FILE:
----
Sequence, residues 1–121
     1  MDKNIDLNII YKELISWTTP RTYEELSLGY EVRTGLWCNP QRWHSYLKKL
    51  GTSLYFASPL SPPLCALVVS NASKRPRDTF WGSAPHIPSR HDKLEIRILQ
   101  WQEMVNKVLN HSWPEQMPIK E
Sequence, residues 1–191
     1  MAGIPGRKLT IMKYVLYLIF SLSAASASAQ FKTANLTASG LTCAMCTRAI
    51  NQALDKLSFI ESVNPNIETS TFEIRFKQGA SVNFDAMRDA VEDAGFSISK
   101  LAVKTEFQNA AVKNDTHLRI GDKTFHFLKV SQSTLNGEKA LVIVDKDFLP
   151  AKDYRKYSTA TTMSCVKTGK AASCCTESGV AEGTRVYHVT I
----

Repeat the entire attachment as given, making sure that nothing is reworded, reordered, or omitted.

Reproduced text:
Sequence, residues 1–121
     1  MDKNIDLNII YKELISWTTP RTYEELSLGY EVRTGLWCNP QRWHSYLKKL
    51  GTSLYFASPL SPPLCALVVS NASKRPRDTF WGSAPHIPSR HDKLEIRILQ
   101  WQEMVNKVLN HSWPEQMPIK E
Sequence, residues 1–191
     1  MAGIPGRKLT IMKYVLYLIF SLSAASASAQ FKTANLTASG LTCAMCTRAI
    51  NQALDKLSFI ESVNPNIETS TFEIRFKQGA SVNFDAMRDA VEDAGFSISK
   101  LAVKTEFQNA AVKNDTHLRI GDKTFHFLKV SQSTLNGEKA LVIVDKDFLP
   151  AKDYRKYSTA TTMSCVKTGK AASCCTESGV AEGTRVYHVT I